The Canadian Minister of Transport Lisa Raitt announced a suite of amendments to Canada’s Transportation of Dangerous Goods Regulations (TDGR), including a ban on transporting lithium metal batteries as cargo on passenger flights in Canada. The new ban does not apply to Li metal batteries already contained in devices, nor to Li-ion batteries. The US has already banned the transportation of lithium metal batteries as cargo on passenger flights.
In 2014, the International Civil Aviation Organization (ICAO) adopted a ban on the shipment of lithium metal batteries as cargo aboard passenger aircraft. The main concern is that if ignited, they can cause any nearby batteries to overheat and catch fire as well. Most passenger airlines in Canada have already voluntarily banned lithium metal batteries as cargo.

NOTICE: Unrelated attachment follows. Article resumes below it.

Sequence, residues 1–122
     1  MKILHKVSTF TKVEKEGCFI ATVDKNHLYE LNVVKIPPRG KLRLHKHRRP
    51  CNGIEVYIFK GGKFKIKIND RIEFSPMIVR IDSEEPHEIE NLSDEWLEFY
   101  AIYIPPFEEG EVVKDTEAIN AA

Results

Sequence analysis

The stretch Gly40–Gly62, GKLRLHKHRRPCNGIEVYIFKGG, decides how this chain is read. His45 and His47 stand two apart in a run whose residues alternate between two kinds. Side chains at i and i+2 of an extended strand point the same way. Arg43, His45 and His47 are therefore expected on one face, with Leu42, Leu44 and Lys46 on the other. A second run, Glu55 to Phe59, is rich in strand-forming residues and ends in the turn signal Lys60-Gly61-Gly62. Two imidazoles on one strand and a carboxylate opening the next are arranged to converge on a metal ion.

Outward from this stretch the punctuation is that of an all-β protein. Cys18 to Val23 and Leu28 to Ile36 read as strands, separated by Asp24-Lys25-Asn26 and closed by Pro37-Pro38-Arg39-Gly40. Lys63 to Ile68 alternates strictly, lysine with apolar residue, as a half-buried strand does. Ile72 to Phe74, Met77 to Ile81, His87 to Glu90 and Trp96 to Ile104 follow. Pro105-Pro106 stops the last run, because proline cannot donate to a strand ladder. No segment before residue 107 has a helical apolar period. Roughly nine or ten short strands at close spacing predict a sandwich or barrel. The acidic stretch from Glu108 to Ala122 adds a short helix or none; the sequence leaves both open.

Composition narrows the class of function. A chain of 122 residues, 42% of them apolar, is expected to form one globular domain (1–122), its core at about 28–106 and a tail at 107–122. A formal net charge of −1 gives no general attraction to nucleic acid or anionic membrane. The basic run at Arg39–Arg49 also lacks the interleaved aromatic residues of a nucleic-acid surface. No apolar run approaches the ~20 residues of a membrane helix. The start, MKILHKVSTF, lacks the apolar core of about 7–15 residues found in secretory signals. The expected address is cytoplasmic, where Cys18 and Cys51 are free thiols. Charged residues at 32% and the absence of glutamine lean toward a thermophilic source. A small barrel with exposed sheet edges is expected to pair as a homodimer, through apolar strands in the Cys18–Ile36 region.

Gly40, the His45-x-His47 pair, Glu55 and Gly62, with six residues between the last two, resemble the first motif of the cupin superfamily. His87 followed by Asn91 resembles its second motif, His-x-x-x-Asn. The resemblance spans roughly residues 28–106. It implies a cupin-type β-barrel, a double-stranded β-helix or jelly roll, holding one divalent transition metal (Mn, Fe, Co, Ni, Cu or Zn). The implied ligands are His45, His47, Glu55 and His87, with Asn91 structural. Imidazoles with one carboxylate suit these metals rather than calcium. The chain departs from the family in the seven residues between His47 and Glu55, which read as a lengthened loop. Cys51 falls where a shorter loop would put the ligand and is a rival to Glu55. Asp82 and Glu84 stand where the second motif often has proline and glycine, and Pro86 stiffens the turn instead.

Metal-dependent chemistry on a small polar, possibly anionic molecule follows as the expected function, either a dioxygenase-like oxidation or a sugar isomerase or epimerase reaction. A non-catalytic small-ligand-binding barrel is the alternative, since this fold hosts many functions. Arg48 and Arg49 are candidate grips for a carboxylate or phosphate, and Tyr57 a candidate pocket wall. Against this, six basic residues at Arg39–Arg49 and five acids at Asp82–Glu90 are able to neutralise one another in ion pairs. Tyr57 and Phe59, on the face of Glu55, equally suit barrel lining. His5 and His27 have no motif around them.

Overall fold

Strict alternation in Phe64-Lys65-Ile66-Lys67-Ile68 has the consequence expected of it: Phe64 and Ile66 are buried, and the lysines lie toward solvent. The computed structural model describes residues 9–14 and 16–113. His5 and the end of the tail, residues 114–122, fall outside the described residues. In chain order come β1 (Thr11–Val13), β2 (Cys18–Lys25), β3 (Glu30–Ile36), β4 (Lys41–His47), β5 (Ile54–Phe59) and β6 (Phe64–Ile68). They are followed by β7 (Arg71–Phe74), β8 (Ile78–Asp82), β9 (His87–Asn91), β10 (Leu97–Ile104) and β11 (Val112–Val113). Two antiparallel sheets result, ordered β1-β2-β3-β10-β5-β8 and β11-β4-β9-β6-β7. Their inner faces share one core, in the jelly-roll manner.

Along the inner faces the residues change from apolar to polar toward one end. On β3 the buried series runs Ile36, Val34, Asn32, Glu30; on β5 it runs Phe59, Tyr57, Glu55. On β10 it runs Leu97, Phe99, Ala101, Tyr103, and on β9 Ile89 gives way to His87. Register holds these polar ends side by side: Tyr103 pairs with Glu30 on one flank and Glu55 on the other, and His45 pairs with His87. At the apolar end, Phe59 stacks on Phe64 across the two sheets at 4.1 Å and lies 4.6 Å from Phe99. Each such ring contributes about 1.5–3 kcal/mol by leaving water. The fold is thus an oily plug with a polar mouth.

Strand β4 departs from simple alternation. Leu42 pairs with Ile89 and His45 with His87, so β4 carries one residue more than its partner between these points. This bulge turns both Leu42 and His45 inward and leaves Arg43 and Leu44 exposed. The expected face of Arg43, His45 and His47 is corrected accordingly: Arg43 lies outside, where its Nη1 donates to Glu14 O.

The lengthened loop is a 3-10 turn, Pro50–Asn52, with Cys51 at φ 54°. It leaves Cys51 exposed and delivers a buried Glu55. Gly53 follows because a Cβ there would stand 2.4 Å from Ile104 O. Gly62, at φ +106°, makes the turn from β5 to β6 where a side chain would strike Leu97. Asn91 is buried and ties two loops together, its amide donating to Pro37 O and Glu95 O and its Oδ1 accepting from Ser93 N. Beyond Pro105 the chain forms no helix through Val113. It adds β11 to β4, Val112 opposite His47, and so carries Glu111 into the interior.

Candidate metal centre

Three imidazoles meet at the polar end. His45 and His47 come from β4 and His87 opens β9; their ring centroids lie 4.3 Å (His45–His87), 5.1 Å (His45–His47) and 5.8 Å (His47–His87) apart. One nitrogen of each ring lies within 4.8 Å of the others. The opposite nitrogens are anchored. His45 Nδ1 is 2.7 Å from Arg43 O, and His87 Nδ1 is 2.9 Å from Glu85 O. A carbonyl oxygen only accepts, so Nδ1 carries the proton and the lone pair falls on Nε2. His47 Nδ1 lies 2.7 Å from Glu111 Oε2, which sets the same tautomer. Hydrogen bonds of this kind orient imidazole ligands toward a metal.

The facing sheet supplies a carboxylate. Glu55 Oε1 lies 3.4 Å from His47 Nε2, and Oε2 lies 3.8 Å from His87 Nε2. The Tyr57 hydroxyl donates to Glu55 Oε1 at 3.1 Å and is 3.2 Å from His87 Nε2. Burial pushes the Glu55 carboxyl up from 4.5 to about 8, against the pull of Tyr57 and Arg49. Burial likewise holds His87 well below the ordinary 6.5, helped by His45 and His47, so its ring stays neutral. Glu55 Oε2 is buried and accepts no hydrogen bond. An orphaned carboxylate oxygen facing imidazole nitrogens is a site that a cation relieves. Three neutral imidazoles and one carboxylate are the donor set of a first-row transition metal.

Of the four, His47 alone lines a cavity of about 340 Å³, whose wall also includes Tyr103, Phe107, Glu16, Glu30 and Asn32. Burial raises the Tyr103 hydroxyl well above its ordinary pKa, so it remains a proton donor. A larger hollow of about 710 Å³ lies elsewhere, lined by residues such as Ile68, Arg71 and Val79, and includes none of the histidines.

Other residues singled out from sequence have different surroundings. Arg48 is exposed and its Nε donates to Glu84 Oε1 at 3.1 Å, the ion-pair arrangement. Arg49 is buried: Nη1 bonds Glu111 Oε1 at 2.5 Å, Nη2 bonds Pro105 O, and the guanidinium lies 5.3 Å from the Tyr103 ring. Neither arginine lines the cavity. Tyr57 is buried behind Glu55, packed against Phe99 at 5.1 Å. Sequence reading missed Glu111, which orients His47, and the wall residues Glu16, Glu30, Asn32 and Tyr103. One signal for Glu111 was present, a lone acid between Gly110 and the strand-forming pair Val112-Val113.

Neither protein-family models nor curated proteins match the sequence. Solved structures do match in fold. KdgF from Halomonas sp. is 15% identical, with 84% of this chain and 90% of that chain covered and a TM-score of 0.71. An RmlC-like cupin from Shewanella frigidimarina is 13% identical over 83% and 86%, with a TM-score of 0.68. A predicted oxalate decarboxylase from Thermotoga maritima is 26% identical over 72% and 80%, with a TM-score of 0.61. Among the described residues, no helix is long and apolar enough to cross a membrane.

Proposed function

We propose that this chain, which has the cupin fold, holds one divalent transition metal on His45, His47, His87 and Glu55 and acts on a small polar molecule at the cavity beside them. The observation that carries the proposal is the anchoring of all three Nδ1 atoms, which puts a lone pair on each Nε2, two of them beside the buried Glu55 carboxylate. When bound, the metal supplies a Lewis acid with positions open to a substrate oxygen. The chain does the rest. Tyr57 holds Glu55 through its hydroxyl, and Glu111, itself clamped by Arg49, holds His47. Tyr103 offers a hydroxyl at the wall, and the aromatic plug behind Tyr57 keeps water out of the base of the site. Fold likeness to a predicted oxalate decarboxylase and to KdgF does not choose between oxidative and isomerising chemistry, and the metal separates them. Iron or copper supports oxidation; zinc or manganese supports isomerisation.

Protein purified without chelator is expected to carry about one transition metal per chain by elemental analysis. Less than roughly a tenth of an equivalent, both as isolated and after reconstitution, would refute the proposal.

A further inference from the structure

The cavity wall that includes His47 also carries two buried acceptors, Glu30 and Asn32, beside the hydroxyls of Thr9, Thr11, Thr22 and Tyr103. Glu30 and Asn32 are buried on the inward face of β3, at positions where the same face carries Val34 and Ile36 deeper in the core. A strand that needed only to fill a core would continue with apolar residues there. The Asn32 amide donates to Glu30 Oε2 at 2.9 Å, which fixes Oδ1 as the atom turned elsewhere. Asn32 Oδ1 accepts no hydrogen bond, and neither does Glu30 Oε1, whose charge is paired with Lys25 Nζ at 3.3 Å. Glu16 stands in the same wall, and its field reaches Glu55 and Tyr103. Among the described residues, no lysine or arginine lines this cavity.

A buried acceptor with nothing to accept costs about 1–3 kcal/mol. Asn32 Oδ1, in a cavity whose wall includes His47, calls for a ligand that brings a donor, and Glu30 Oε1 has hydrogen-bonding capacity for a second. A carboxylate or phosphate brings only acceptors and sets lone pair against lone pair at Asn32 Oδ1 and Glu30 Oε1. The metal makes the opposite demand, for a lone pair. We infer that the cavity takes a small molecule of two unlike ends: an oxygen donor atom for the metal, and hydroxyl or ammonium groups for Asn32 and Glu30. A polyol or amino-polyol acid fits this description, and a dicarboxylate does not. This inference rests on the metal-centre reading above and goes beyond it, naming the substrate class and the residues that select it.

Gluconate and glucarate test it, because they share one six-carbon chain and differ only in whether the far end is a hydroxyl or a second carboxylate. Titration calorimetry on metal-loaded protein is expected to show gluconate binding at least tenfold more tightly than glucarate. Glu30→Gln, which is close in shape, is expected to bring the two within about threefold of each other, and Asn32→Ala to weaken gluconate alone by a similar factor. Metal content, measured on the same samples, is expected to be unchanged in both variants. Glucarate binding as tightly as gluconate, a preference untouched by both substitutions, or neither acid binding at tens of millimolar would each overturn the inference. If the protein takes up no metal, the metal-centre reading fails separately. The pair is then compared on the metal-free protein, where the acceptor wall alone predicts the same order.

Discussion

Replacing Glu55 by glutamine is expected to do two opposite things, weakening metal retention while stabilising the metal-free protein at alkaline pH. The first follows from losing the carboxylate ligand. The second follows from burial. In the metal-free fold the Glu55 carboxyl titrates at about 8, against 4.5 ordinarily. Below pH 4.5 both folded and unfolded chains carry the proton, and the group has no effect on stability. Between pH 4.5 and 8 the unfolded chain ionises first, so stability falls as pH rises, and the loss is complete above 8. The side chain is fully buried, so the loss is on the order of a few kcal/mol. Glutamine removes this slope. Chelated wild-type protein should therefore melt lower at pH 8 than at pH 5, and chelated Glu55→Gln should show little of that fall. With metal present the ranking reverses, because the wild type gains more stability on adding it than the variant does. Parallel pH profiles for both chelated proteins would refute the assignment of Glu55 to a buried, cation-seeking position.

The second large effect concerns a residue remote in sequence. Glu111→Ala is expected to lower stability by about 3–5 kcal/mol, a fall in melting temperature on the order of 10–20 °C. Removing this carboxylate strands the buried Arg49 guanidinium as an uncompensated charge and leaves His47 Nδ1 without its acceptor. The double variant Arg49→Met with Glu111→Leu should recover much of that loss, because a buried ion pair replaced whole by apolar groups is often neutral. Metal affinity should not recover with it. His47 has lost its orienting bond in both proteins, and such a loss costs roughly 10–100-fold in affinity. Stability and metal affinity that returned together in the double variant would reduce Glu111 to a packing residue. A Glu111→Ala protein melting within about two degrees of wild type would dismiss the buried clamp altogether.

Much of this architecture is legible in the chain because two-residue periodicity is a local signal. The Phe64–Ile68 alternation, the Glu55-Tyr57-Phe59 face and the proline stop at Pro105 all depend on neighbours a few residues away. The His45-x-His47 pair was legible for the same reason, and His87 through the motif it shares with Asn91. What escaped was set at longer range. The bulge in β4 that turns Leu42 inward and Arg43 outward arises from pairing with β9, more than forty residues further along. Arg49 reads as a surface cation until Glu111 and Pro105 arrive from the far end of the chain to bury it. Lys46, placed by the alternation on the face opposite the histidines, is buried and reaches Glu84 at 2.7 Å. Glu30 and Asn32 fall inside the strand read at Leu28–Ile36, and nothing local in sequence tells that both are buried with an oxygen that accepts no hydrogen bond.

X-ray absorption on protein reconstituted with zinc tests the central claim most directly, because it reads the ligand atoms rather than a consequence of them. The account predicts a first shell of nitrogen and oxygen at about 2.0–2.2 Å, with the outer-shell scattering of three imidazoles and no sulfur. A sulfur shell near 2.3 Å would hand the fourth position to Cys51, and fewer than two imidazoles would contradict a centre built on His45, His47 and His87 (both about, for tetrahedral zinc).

The Canadian prohibition comes into effect on 1 January 2015, to comply with the ICAO ban.
Other updates to the TDGR include:
Incorporating Protective Direction (PD) 33 into the TGDR. Introduced in April 2014, PD33 ordered rail shippers of ethanol, petroleum crude oil, gasoline, and other petroleum products to have an approved Emergency Response Assistance Plan (ERAP) in place to ensure proper emergency response in the event of an incident or release involving these flammable liquids.
Adding Emergency Response Assistance Plan (ERAP) requirements for petroleum sour crude oil and Alcohols N.O.S. (typically used to classify ethanol in the US), which were not previously included under PD33.
New United Nations (UN) product numbers for petroleum sour crude oil and biomedical waste.